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ERIC Number: EJ1102215
Record Type: Journal
Publication Date: 2016-Jun
Pages: 8
Abstractor: As Provided
Reference Count: 23
ISBN: N/A
ISSN: ISSN-1871-1502
Science Teaching in Science Education
Callahan, Brendan E.; Dopico, Eduardo
Cultural Studies of Science Education, v11 n2 p411-418 Jun 2016
Reading the interesting article "Discerning selective traditions in science education" by Per Sund, which is published in this issue of "CSSE," allows us to open the discussion on procedures for teaching science today. Clearly there is overlap between the teaching of science and other areas of knowledge. However, we must constantly develop new methods to teach and differentiate between science education and teaching science in response to the changing needs of our students, and we must analyze what role teachers and teacher educators play in both. We must continually examine the methods and concepts involved in developing pedagogical content knowledge in science teachers. Otherwise, the possibility that these routines, based on subjective traditions, prevent emerging processes of educational innovation. Modern science is an enormous field of knowledge in its own right, which is made more expansive when examined within the context of its place in society. We propose the need to design educative interactions around situations that involve science and society. Science education must provide students with all four dimensions of the cognitive process: factual knowledge, conceptual knowledge, procedural knowledge, and metacognitive knowledge. We can observe in classrooms at all levels of education that students understand the concepts better when they have the opportunity to apply the scientific knowledge in a personally relevant way. When students find value in practical exercises and they are provided opportunities to reinterpret their experiences, greater learning gains are achieved. In this sense, a key aspect of educational innovation is the change in teaching methodology. We need new tools to respond to new problems. A shift in teacher education is needed to realize the rewards of situating science questions in a societal context and opening classroom doors to active methodologies in science education to promote meaningful learning through meaningful teaching. [This review essay addresses Per Sund's paper entitled: "Discerning Selective Traditions in Science Education: A Qualitative Study of Teachers' Responses to What Is Important in Science Teaching" (EJ1102214).]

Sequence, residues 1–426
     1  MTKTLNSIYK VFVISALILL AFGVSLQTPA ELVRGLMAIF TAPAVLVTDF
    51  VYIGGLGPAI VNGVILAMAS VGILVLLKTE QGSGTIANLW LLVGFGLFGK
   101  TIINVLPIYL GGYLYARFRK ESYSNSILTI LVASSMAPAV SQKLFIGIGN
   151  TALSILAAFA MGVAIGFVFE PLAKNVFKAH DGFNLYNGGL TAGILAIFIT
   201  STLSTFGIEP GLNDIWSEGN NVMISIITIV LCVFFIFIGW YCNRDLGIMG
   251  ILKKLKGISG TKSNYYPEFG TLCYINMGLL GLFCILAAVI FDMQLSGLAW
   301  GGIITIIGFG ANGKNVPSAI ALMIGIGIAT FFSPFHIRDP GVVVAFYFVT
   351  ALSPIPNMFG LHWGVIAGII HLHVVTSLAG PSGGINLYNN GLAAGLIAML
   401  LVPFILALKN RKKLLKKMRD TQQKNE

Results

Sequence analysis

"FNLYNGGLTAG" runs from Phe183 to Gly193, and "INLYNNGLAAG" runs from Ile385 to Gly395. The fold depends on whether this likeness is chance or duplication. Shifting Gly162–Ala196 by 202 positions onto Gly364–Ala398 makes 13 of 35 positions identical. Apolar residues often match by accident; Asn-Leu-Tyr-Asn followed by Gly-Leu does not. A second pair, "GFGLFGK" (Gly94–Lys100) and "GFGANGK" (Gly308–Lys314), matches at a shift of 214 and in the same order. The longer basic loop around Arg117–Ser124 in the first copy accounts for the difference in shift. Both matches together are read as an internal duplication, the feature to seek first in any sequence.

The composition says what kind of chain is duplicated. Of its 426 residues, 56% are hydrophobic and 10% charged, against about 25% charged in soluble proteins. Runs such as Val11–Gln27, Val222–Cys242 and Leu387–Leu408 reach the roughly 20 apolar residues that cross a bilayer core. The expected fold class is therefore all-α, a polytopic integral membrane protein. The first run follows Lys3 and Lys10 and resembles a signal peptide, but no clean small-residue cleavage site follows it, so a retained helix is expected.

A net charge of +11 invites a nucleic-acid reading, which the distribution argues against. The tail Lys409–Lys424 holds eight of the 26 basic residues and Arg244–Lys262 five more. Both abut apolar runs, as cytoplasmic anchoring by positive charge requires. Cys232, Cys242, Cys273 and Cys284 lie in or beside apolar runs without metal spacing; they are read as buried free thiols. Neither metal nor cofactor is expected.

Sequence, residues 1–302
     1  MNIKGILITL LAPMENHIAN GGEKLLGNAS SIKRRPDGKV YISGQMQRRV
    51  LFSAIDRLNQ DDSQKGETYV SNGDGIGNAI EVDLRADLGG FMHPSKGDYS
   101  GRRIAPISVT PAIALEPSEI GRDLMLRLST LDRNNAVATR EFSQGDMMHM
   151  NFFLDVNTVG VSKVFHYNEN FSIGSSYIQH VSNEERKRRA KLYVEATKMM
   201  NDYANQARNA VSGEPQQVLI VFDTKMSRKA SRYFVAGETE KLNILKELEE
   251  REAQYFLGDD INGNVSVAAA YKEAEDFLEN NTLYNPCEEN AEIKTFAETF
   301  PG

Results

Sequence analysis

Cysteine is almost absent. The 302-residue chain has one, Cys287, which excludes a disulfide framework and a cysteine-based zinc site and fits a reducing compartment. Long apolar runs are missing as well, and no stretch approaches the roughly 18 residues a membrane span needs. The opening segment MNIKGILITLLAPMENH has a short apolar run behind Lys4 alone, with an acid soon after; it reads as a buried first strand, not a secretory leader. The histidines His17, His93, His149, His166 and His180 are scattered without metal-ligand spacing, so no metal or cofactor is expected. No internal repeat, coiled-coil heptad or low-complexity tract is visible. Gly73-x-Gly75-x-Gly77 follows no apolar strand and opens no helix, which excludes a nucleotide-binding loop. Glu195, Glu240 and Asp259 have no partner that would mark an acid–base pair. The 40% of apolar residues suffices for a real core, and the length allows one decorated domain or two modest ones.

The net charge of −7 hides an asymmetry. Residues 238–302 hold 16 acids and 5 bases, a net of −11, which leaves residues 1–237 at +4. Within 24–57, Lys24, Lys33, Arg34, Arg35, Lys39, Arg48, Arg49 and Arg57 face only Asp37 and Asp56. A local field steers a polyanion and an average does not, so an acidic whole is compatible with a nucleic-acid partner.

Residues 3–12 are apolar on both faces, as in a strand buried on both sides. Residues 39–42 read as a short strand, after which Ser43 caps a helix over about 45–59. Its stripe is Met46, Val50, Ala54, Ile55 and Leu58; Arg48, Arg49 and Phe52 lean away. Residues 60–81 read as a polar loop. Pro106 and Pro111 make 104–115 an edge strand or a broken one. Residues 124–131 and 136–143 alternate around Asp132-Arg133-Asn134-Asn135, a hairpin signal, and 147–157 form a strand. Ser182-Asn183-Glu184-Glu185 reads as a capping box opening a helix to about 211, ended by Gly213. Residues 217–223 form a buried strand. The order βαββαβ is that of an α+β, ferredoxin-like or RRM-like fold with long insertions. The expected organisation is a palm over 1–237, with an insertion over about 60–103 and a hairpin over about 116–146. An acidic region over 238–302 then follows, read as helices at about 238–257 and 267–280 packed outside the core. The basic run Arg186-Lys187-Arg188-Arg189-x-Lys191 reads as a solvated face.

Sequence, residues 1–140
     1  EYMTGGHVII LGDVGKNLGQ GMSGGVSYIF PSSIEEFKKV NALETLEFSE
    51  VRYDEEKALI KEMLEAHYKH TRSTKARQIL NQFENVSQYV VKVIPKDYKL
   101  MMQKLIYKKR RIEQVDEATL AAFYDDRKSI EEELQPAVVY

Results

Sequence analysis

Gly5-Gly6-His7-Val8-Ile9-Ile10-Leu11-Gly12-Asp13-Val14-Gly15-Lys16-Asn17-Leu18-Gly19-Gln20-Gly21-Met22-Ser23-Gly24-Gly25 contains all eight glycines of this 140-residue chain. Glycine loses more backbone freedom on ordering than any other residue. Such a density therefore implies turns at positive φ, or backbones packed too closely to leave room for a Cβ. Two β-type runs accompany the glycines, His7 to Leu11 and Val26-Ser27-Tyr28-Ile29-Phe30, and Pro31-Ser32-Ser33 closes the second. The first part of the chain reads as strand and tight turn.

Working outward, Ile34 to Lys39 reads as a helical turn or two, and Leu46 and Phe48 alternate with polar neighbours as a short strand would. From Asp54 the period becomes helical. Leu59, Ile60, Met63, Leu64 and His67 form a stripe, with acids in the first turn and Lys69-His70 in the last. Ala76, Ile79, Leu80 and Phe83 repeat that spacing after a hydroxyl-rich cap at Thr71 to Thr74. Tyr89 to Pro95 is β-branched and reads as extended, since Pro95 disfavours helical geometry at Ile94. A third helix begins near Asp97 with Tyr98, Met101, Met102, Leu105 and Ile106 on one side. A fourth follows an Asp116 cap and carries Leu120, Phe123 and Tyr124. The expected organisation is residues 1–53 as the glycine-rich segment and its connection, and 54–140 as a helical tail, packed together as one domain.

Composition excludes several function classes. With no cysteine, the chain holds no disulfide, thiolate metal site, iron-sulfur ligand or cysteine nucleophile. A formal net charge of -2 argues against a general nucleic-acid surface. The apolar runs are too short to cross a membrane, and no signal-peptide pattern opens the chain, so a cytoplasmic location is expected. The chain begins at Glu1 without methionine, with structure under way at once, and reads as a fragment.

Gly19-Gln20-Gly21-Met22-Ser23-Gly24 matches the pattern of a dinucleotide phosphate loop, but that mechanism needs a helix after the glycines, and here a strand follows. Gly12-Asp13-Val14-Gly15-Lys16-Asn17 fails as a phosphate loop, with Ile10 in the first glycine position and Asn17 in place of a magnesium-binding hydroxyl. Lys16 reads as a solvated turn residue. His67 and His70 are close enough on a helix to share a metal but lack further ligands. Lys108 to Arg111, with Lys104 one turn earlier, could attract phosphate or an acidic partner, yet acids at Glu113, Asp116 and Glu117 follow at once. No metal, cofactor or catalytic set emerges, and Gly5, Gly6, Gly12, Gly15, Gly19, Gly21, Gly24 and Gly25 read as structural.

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Publication Type: Journal Articles; Reports - Evaluative
Education Level: N/A
Audience: N/A
Language: English
Sponsor: N/A
Authoring Institution: N/A